• Author R. Sheldon Lewis will read from book The Torah of Reconciliation at 6:30 pm Monday, Nov. 4, at Temple Beth Israel, 1175 E. 29th Ave. Free, donations welcome. Sponsored by Jewish Events Willamette-valley (JEW) and Temple Beth Israel. See JewishEventsWillamette-valley.org.
As I go around giving talks for Here on the Edge, my book about how a small group of World War II conscientious objectors on the Oregon Coast helped plow the ground for the social and cultural revolutions of the 1960s, I sometimes encounter people who ask if I am a conscientious objector. Others ask if I believe that we should all refuse to fight any war under any circumstances.
Shortly after graduating from University of California, Berkeley in 1963 with a bachelor’s in journalism, Bay Area native David Kayfes joined the Army National Guard. He had the good fortune to be stationed for two years in Italy, where he met Anneke, a young woman from Holland. “I got out in October of ’66,” he says, “and got married in December.” Back in the U.S., he worked for the Associated Press in Salt Lake City, then found a job back at Cal, in the Sports Information Department.
In the post-Halloween afterglow, there is a very good reason to catch frenetic “soul and roll” band The Pimps of Joytime: Bandmember Mayteana Morales played “Gaby” on PBS’ Ghostwriter. Now one of the Joytime’s lead vocalists, Morales helps create the band’s tight, punchy, soulful sound.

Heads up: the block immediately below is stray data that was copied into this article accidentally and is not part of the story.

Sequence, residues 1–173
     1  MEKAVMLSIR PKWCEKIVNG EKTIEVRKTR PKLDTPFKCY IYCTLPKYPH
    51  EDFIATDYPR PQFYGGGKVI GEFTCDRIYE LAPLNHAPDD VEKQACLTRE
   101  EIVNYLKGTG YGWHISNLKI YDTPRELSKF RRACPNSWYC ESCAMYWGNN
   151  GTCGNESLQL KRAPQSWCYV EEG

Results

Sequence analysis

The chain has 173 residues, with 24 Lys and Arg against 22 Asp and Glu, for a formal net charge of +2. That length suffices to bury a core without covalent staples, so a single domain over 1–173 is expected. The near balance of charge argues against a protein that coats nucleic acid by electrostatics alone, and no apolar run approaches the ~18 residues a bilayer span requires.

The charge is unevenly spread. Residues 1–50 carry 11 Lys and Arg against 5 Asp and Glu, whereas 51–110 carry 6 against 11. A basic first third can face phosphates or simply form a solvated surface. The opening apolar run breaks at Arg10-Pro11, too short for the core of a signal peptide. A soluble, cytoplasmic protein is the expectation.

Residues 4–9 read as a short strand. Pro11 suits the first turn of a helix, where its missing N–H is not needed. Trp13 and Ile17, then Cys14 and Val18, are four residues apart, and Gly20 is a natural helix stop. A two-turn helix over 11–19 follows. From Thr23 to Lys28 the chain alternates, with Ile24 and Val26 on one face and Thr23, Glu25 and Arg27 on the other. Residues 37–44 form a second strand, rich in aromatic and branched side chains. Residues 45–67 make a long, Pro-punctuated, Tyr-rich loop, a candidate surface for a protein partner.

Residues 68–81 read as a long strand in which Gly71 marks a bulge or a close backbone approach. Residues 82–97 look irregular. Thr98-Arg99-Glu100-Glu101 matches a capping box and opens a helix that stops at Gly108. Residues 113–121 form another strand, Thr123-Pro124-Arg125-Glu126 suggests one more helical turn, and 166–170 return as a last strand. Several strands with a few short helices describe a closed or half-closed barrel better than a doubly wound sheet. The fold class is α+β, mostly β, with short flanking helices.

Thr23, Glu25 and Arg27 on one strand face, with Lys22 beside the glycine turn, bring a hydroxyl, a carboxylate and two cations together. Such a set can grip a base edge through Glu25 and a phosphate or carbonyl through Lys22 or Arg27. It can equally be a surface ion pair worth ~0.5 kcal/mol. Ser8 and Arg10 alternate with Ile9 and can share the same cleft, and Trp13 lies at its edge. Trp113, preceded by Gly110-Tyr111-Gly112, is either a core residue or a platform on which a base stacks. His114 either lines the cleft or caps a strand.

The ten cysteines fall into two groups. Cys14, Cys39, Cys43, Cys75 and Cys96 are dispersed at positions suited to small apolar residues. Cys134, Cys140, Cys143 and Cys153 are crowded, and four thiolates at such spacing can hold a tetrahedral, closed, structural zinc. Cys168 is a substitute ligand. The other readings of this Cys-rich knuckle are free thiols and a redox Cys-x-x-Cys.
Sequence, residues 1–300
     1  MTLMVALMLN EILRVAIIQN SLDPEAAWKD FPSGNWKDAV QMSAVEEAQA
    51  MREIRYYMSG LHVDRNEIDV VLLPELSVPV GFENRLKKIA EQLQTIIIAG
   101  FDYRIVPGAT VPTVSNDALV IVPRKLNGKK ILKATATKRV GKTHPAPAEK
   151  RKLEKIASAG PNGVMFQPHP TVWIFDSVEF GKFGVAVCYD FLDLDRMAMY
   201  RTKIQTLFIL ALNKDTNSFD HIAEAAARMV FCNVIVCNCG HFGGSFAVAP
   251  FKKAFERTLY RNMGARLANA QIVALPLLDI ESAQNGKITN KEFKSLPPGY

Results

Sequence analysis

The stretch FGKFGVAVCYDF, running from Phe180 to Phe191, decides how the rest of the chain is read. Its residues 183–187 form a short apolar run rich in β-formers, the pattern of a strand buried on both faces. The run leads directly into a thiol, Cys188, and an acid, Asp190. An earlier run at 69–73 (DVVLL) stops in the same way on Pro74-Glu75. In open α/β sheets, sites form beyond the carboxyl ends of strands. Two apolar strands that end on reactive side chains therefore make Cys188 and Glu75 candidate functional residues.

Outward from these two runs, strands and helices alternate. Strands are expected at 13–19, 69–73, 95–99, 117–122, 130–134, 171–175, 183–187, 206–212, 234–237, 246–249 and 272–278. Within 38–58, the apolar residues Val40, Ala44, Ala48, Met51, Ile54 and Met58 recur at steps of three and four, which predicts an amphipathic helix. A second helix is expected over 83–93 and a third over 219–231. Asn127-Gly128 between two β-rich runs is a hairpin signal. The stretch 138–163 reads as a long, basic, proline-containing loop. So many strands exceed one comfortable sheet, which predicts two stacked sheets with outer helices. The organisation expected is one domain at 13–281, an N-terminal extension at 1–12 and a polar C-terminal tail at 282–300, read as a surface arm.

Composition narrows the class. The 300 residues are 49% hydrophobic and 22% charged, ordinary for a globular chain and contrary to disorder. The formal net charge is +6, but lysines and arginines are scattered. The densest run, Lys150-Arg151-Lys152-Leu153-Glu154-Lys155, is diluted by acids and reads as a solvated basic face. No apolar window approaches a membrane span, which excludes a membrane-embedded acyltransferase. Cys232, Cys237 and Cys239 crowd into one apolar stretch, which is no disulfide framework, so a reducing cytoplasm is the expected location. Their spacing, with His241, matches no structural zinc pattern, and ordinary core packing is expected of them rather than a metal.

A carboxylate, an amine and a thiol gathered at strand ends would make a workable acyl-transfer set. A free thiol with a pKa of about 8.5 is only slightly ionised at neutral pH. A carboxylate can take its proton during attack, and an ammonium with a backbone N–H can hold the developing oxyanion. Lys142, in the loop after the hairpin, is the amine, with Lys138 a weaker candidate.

Stalwart Eugene live act Medium Troy has been undergoing some changes. “We used to be a big band, sometimes as many as 11 people on stage,” says JoJo Ferreira. JoJo and his brother, Jesse Ferreira, form the core of the group. “We had tours where half the band would bail and we’d be stuck without a drummer playing four-hour sets at a taco bar in Medford.”
Regarding “No More To Give” [Letters, 10/17]: Jessica Hannah, what’s wrong? Your facts are as accurate as they are cold. The way you only point out what is wrong invites me to look between the lines for something constructive. How very clever. When your way becomes the law, then the only problem left will be one of enforcement. The work camps will be far from your sight. Instead of bums on every corner there will be a camera.
Two years ago, I found a letter in my sister’s car informing her that the blood she gave during a charity blood drive had tested positive for HIV. I didn’t say anything to her at the time, because it was a really bad time, I wasn’t supposed to find out, and I didn’t know what to say. In the time since, there were a couple times that it sounded like she came close to telling me, but never did. I worry she never will.